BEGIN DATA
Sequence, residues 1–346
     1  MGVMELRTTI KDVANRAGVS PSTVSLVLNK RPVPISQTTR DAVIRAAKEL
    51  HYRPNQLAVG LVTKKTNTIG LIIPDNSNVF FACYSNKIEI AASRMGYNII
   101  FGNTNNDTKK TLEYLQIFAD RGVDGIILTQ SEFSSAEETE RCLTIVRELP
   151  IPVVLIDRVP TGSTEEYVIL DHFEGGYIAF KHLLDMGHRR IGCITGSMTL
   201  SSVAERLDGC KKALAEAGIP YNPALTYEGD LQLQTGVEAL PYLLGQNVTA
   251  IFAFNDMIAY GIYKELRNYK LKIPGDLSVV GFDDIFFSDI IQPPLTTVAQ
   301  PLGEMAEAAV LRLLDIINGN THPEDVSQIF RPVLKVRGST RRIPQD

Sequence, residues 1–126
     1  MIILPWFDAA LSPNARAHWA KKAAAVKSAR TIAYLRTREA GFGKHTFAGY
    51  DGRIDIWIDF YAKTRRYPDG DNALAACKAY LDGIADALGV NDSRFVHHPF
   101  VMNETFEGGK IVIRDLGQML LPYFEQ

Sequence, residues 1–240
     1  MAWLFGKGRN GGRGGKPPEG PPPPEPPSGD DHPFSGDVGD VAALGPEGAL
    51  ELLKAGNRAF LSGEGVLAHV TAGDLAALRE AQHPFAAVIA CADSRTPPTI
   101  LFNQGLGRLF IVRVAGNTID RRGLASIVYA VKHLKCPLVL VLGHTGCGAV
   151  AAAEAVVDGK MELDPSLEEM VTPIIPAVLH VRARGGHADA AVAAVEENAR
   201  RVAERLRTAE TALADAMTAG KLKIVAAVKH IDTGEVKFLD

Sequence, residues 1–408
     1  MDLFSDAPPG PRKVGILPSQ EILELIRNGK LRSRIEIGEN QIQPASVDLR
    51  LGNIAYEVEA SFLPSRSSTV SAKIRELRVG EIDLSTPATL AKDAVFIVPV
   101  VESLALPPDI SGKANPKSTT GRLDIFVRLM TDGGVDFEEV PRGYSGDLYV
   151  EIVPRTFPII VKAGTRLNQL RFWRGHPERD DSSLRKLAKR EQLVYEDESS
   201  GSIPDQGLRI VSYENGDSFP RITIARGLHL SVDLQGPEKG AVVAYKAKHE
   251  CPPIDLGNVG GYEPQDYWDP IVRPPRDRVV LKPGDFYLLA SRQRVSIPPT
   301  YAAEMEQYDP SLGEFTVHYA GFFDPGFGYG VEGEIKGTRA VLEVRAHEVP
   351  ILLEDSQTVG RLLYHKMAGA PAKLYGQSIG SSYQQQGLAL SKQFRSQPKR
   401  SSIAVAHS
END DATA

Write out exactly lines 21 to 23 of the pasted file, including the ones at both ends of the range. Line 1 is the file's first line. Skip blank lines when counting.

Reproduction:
    51  LGNIAYEVEA SFLPSRSSTV SAKIRELRVG EIDLSTPATL AKDAVFIVPV
   101  VESLALPPDI SGKANPKSTT GRLDIFVRLM TDGGVDFEEV PRGYSGDLYV
   151  EIVPRTFPII VKAGTRLNQL RFWRGHPERD DSSLRKLAKR EQLVYEDESS